Tuesday, 27 February 2018


 Today, 27th Feb, is Paul, Gillian, Tony and Michelle's final day with us here in sunny Phuket before heading off to Koh Samui tomorrow for a few more precious days of sunshine in The Land of Smiles (LOS).

The team opted for a day at Jez Wilson's Chalong Fishing Park which is just a 15 minute drive from our base!

We were first to arrive and were greeted by another lovely morning with a welcome breeze from the sea which is about half a mile away.

 Jez offers a good menu with both Thai and European food on offer. After a couple of weeks of spicy food and rice, it's very nice for us 'Ferangs' (Westerners) to order up a full English breakfast.

Our charming cook and waitress is called Noiey. She is a friend of Kannika's and was brought in from Bangkok to assist Jez's wife with the catering and cooking etc  during the 'High Season'.

Noiey is an archetypal Thai lady; extremely polite, shy, always smiling, can't speak a word of English and had never, until 6 weeks ago, heard of let alone cooked a 'Full English'.......so good for her for learning!!
 Chalong Fishing Park boats a fine eating and relaxing area with a well stocked bar, plenty of seating and even a couple of full size hammocks!!

And, as are all the best eateries, it is kept immaculately clean and tidy and features an attractive array of local flora.
 There is the added attraction of several pig nose turtles in a large tank within the restaurant.

Well...I've never seen such a creature and they really do have little snouts like a pig! They stay in the water all the time.
 Anyhow...today's quest was for Mekong Catfish only.

Any other species caught was to be mocked and the captor berated for being 'useless'.

And here's Mr Tony Perkins from Sheffield hooked into the first fine fighting beastie.
 An appreciative group of onlookers gathered to admire the skills of retired detective Tony, honed after his two weeks in Thailand which has included quite a few days fishing spread between several locations.
 Tony's 'guide', Khun Egg, leapt into the water to tail the Mekong ready for Tony to enter the water and present his fish to the camera....
 Always fun trying to grab hold of the fish's tail whilst still in the water.
And here it is...the first of the day.
 Being the friendly place it is, Tony was rewarded with a big smacker from Michelle. Hurrah! That's why we go fishing.....to impress our beloveds.
Londoner Paul Pettifer soon retaliated with a good rod bender that raced off to the right hand side of the lake.

These Mekongs fight like mad but are even more fun when played on light tackle. The fish are strong enough to make many long runs and fight right to the end. It's no good trying to bully them...this is all about correct use of the Shimano and Okuma bait runners twinned with the light test curve catfish rods.

 Aaahhh...this is what fishing is all about. Friendship! May the Brotherhood of Anglers forever remain strong!!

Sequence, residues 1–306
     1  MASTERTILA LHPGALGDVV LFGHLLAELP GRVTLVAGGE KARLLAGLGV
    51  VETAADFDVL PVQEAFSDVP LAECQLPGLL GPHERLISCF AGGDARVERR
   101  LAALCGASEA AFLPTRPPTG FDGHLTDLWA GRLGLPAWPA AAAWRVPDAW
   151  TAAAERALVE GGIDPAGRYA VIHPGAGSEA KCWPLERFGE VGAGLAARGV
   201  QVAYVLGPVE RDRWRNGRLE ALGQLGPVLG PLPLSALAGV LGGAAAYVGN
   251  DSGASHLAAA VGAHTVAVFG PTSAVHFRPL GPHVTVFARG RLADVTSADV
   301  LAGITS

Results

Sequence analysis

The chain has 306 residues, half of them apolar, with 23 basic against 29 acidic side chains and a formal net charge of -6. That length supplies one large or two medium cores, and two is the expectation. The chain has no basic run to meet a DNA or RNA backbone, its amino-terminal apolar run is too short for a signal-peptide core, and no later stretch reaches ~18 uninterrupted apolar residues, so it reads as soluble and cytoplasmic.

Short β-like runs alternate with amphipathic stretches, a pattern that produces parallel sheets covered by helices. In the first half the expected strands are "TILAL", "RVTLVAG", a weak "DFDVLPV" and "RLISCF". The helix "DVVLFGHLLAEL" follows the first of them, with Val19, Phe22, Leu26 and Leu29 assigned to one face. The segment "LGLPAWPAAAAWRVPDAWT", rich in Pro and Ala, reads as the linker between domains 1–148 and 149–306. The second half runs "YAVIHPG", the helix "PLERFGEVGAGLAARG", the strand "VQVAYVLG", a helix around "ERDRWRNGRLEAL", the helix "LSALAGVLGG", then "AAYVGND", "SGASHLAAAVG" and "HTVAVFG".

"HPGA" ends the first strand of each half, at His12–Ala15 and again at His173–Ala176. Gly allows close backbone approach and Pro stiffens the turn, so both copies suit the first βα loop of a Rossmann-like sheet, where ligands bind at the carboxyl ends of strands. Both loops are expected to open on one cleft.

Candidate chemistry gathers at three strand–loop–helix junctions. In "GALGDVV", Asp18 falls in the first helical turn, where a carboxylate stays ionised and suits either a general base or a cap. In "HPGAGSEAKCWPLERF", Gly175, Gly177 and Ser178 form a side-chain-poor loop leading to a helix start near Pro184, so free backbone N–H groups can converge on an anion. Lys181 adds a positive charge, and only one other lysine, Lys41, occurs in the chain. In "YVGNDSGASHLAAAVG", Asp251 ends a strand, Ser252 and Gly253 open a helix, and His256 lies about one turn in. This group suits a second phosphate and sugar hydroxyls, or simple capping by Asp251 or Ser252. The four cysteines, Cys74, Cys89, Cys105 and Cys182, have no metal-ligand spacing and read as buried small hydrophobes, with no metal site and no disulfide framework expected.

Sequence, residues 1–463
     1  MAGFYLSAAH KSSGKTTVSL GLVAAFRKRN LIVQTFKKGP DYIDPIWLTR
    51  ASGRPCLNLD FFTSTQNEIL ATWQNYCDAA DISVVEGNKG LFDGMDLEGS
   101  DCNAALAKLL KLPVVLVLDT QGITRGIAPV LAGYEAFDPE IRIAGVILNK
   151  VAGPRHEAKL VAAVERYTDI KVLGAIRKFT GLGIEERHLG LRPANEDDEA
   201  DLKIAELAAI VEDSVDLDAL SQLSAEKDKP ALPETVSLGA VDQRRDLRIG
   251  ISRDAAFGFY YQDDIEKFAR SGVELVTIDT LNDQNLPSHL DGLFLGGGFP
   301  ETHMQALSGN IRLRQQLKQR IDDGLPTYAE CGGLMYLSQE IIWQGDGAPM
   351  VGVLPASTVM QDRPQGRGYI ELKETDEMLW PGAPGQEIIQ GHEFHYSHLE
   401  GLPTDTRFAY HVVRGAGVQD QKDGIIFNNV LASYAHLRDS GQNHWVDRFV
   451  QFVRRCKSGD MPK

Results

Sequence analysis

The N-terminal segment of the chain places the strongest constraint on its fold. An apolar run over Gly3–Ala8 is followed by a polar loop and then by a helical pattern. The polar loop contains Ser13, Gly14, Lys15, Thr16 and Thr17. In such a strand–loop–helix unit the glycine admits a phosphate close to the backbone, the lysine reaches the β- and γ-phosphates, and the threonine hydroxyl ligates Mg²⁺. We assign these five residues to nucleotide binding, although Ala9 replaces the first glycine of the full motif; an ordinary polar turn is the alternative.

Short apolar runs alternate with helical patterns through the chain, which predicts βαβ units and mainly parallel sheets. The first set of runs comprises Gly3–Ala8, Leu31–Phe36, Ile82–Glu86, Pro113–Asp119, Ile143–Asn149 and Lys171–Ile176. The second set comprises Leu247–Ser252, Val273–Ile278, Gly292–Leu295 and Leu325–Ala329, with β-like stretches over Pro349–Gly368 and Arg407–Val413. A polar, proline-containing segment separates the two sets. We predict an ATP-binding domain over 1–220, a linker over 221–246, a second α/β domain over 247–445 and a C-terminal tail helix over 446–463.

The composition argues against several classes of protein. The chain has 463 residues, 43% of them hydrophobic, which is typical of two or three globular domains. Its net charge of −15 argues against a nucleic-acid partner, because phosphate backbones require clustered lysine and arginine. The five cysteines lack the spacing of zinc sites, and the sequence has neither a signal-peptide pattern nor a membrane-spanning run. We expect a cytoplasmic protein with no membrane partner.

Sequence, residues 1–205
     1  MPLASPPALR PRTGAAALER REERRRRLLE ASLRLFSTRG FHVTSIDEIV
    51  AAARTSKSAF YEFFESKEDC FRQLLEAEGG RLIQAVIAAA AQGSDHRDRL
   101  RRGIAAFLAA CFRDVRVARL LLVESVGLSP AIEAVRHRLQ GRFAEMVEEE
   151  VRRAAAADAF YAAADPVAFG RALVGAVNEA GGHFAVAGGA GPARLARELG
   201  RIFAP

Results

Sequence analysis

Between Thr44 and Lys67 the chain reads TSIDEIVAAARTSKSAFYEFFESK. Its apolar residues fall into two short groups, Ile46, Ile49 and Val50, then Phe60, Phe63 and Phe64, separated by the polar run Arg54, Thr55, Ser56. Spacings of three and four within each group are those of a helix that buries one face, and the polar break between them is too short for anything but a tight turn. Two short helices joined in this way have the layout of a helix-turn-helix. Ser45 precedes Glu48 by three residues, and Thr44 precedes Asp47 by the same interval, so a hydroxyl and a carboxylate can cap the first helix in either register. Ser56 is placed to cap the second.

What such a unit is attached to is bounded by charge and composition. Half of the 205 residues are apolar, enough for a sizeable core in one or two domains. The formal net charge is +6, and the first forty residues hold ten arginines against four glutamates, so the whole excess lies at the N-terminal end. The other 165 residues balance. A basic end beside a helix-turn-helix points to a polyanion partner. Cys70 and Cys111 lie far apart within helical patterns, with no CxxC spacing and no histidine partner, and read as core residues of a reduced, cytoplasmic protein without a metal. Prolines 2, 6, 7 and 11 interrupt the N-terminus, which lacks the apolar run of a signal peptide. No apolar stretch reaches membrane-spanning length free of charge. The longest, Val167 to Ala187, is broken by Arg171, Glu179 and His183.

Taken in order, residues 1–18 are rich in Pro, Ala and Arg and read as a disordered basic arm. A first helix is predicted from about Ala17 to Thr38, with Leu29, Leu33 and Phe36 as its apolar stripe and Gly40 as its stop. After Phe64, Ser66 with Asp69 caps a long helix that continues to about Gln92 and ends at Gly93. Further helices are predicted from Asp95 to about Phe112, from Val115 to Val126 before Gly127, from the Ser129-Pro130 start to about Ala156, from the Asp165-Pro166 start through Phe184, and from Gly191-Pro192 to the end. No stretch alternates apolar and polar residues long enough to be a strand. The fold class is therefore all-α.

Khun Tedge leaps in to gather Paul's fish, release the hook and add the iodine to the hook area.
 And here's Paul with his first of the day.
 Moments later and just slightly smaller, Paul's second Mekong of the day went racing off. Frazzled by the first fight, this second battle was an endurance test in the increasing heat and was a struggle to lift.

Guide Tedge estimated this fish at 25kg with the one above more in the 30kg range.

Whatever they did actually weigh, they are massive fish compared to anything we catch from lakes and river in UK and so every fish like this is a wonderful experience.

 The Mekongs were all remarkably similar in their estimated size with Tony's second one also in the 25 kg to 30 kg range.
 Khun Boy, lead guide, tackles a Mekong.
 Khun Boy, the lead gillie, was on the other side of the lake and was tending to out third angling friend, Paul (yes, yet another Paul!) Taylor who is from Brighton but moved to Norway 10 years ago.

Amazing what a close knit group we anglers are. Paul had fished with several Brighton skippers including Terry Lee who I met at Jez's lake back in December. We knew many of the same people back in UK and all through our passion for angling.

Paul Taylor's Mekong was estimated at 35 kg!

 And back to Paul Pettifer with another fine catfish.....

Well, I left the team to carry on in my absence as I had a lot of photos of their many adventures to sort out and put on to the memory sticks my guests had provided.

The lads and lasses have just walked in...it's going dark now...full of tales of yet more fish.

We've certainly enjoyed some memorable days fishing and diving and it'll be sad to see them leave early tomorrow after one final dinner together at the wonderful Tamarin Bar in nearby Chalong town.

Sunday, 25 February 2018

 Gillian Levy, London Black Cab Cab Company boss, struts her pre-dive stuff on Kata strand for all to see. Russian ladies were seen simpering up to her to ask how she was able to do this 'brave diving stuff' and Thai boatmen stared at her equipment in awe.

 The beach at Kata is certainly a good deal quieter since the introduction of new laws over the last three years. The beach was previously covered in sunbeds and there was the feeling that the beach was owned by these operators as opposed to being a public area for all to enjoy.

There is a continuing debate about this and sunbeds etc have been allowed back on the beach in limited areas. How do you feel about such an issue? I do see many elderly holiday makers struggling to get up off their towels laid on the beach and, without the sunshades,  there are certainly a lot more sunburned people around.

 Anyhow....getting sunburned is not something that concerns us. Here's Gill getting ready to let go of the surface line for the very first time....will she do it??
 Meanwhile our retired Yorkshire Dectective, Tony Perkins is already on the bottom and directing traffic at a crime scene, awaiting out later arrival.
 And yes, we're off. Everyone has thier own unique opening style. As can be seen above, Tony is a man who likes to take control of a situation whilst Gillian, a keen keep fit gal, sets off on a power walk.

I can see the need for further explanation as to the complexities of diving!!
 But now, a nice horizontal profile as practiced in our pool has been adopted and we are off with Tony leading the way and Gill lagging behind seeing if anyone's dropped any coinage that might be of future use at a local hostelry.
 Tony soon developed an open armed underwater flying technique.....and was maneuvering skilfully around the first rocks at the start of the Kata reef.
 We were very fortunate with lovely visibility....and we were soon joined by an accompanying shoal of barracuda.

The sea was sparkling clear with wonderful colours to enjoy.
 Re- tailed butterfly fish are a feature of the Kata reef and tend to hang around one particular section of coral.